Associate Professor Kai He and Dr Duncan McDonnell have both been awarded Australian Research Council grants in the latest funding round. Associate Professor He has been awarded a prestigious Future Fellowship for his project, ‘Contested multilateralism 2.0 and Asia Pacific security’. The project aims to examine the foreign policy choices of five major powers — the United States, China, Japan, South Korea and Australia — toward multilateral institutions in the Asia Pacific after the Cold War through an economic-security-nexus model. This project will provide policy insights for Australian policy makers to conduct a sensible and effective “Asia policy” in the 21st century. (See also ‘Griffith researcher probes Australia’s regional power role.’)
Associate Professor He, together with Dr Huiyun Feng, were also recently successful in being awarded a MacArthur Foundation grant to examine the rise of China through the eyes of Chinese international relations scholars.
Success was also achieved in the Discovery grant scheme with Dr Duncan McDonnell, together with Dr Annika Werner, awarded a grant for their project ‘Radical right populist parties’. This project aims to explain why some radical right-wing populists in Western democracies enter governmental alliances with mainstream parties while others remain isolated. The emergence, spread and electoral success of radical right populists is a problem facing liberal democracy in the twenty-first century. While these parties’ policies, ideologies and rhetoric are similar, their relationships with mainstream parties are different. By examining explanatory factors that Political Science studies have so far been neglected, this project seeks to explain this variation and explore its implications for coalition theory.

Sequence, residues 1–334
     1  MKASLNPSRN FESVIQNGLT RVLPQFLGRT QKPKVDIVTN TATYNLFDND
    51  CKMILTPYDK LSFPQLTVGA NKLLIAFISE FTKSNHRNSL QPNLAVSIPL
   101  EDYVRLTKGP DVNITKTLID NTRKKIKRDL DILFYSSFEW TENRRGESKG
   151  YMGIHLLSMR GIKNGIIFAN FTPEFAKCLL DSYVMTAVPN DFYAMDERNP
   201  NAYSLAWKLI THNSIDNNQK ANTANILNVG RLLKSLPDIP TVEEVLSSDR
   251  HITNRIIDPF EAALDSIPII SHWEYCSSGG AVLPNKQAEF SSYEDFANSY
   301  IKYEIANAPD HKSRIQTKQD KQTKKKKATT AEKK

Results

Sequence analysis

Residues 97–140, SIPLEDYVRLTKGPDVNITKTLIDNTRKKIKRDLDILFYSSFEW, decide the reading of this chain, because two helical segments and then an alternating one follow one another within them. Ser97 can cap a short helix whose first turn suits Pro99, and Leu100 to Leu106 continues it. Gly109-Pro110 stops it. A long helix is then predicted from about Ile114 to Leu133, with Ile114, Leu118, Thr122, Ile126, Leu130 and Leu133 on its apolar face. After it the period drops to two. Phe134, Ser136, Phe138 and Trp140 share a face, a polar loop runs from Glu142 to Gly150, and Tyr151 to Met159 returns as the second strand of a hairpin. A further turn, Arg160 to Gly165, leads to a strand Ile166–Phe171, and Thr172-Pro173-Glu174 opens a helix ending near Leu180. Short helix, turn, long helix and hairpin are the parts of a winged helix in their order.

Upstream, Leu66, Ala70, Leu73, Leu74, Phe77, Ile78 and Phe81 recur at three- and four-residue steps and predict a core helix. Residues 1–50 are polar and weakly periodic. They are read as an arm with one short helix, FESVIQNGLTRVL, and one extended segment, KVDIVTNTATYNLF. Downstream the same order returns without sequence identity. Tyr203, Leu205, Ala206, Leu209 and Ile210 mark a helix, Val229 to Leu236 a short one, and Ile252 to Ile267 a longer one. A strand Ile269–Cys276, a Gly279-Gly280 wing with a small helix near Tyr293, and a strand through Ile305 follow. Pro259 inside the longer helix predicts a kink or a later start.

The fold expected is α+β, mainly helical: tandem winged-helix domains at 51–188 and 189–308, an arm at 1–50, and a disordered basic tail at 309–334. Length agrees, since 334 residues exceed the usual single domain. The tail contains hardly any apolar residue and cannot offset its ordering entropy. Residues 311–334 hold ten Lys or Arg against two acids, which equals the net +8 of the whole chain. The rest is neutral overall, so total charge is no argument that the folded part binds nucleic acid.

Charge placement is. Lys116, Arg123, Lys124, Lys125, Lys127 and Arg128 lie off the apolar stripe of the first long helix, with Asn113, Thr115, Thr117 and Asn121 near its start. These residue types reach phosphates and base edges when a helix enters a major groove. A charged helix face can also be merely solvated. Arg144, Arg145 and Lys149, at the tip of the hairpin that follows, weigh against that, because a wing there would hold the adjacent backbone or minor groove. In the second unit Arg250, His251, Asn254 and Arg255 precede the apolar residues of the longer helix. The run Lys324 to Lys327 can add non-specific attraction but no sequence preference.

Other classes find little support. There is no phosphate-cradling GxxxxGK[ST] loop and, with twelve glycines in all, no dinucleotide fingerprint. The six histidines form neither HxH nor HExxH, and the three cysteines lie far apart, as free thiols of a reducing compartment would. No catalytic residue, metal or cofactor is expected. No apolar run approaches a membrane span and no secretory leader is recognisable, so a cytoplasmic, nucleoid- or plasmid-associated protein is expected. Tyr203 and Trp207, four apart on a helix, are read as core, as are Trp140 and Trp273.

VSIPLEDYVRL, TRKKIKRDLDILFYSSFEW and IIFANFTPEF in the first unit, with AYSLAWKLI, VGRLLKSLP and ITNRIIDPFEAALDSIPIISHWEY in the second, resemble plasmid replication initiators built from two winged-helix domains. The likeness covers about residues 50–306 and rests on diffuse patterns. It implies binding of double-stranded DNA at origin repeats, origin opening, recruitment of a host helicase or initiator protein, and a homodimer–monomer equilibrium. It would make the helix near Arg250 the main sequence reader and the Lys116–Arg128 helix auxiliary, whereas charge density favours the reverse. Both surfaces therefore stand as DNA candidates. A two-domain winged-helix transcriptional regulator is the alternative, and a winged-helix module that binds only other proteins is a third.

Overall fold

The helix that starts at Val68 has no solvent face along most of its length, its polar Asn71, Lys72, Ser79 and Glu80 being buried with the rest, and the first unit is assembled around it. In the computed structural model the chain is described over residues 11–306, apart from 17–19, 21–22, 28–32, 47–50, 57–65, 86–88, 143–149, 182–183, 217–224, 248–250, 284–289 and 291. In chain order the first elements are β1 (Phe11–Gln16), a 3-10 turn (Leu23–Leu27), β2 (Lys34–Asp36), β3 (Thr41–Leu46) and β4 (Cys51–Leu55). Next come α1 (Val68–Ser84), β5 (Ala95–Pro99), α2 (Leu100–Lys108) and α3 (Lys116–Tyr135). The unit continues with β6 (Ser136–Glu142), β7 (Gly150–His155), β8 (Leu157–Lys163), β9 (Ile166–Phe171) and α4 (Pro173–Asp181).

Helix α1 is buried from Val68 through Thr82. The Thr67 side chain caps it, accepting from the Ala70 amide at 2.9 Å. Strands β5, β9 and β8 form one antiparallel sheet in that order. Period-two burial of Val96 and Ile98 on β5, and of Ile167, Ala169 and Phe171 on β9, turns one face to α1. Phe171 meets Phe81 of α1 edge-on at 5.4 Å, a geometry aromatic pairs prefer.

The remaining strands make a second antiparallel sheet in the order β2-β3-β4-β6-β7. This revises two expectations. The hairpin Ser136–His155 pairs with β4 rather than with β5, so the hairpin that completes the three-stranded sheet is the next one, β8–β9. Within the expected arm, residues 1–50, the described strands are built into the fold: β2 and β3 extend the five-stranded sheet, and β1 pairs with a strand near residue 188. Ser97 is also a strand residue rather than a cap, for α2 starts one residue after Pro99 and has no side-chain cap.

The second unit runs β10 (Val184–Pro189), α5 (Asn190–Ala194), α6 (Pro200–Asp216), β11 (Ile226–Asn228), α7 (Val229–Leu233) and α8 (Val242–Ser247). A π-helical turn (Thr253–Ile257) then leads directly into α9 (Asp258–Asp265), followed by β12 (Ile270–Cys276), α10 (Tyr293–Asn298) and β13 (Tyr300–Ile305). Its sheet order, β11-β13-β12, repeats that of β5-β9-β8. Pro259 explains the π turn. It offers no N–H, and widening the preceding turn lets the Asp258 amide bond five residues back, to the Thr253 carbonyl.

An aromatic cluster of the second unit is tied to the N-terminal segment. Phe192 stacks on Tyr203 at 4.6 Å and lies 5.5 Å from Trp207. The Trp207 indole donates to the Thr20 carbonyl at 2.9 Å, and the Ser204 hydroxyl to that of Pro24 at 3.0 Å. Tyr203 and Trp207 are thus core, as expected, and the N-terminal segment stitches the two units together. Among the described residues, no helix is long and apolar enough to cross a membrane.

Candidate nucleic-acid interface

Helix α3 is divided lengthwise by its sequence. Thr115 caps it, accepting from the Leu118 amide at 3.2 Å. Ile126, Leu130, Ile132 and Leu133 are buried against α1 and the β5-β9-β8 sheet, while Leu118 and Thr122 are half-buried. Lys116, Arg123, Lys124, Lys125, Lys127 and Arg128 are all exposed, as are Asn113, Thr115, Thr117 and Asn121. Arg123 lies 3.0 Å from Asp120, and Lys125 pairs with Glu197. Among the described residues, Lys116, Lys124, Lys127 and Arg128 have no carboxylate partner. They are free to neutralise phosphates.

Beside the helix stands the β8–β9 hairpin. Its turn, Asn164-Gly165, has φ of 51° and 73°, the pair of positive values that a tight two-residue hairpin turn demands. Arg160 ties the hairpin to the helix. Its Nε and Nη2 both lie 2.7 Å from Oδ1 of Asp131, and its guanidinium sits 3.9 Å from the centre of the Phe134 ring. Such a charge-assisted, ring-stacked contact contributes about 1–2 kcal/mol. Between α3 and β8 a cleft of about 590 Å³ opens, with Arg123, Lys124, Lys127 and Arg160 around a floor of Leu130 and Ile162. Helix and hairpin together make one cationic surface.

Dr McDonnell was also part of the project team in a successful Discovery Indigenous grant, ‘Aboriginal and Torres Strait Islanders’ participation in political parties’, through Charles Sturt University. This project examines the participation of, leadership opportunities for, and challenges faced by Aboriginal and Torres Strait Islander Australians participation in Australia’s major political parties. Working with major political parties, this project encompasses both Australia-wide research and in-depth case studies. The project will provide evidence-based research and policy advice on factors affecting the advancement of Indigenous Australian party members into leadership roles and the recognised challenge of continued political marginalisation of Aboriginal and Torres Strait Islander people in party hierarchies, representative institutions and decision-making processes.